With a new feature in PHP 5.4, we can access a class member on the same line as instantiating the class.


// Instead of
$obj = new myClass();

// PHP 5.4 allows
$obj = (new myclass())->myMethod();

I have a class which doesn't need the object (variable) from the instantiated class, because the class being instantiated is an exit controller and just "does some things" then halts the entire system.

I'd like to know if accessing a class member at the time of instantiating the class is ok without using the variable.

// With variable (standard practice)
$obj = (new myclass())->myMethod();

// Without using the variable
(new myclass())->myMethod();

Both code options work perfectly fine, but I've not seen this done without using the variable to store the object. And sometimes something can be done incorrectly from a technical or "best practise" standpoint but still work because of some unrelated reason (or luck etc).

So I would like to know if this is acceptable usage?
Or are there any "technical" reasons it shouldn't be done like this?

  • In your 'With Variable' example, the variable $obj will contain the return-value of myMethod() which isn't necessarily the object.
    – tkausl
    Jul 18, 2015 at 0:05

1 Answer 1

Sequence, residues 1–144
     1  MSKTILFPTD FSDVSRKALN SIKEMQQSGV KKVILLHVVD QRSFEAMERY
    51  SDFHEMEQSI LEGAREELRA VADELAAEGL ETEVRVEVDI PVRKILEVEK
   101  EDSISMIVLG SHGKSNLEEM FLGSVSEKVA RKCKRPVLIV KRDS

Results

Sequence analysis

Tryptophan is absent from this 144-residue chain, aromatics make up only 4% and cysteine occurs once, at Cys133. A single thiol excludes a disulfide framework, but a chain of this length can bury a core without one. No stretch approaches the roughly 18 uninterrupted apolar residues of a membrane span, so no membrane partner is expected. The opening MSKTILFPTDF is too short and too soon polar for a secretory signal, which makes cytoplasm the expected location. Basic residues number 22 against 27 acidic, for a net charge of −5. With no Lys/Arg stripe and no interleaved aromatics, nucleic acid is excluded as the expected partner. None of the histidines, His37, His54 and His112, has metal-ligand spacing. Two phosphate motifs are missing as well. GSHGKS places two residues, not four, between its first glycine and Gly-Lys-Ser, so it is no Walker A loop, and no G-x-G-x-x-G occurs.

It should be absolutely fine. You simply are not assigning the object to any variable and gets disposed of automatically.

BUT, I would look at larger scope issues here:

If you don't need an object, class(or method I guess in PHP) should be static instead.

// Static invocation
  • Thanks for the confirmation. Re the static alternative, surely then I'm just swapping my current approach, which is arguably not perfect given the scenario/usage, for an even worse scenario of shoving everything into global? I've worked hard (literally lost sweat and blood) to retain DI options and not pollute global. You are right tho, my current approach is kinda using classes for the sake. I might ask what best to do about that on code review. Cheers
    – James
    Jul 17, 2015 at 22:32
  • @James A static class is still a class. A static class is the one that has no state variables, just like yours. Globals and Static is not exactly the same.
    – Alexus
    Jul 17, 2015 at 22:35
  • I didn't mean "globals" I meant "global scope". There are other reasons why I'm avoiding static methods too. Testing, as I mentioned I use OOP and DI elsewhere, so a static class mixed with OOP becomes hard to manage. Also, is there a benefit? You mentioned "should be static instead" but I don't see the benefit really. FYI r.je/static-methods-bad-practice.html
    – James
    Jul 17, 2015 at 23:25
  • It's rather, if your class is not an object, it's just not an object. Can't do anything about it, this it's static. Static classes have their place. If you just create an object to avoid having it in Global Scope, you are doing it wrong.
    – Alexus
    Jul 17, 2015 at 23:33
  • My class has a constructor, and I inject dependencies into it, and the application has no static methods or singletons, so using one now isn't worthwhile IMO. I just don't need the object because the class is the system exit/halt controller, so nothing happens after it :) Maybe I do need to change the approach.
    – James
    Jul 17, 2015 at 23:44

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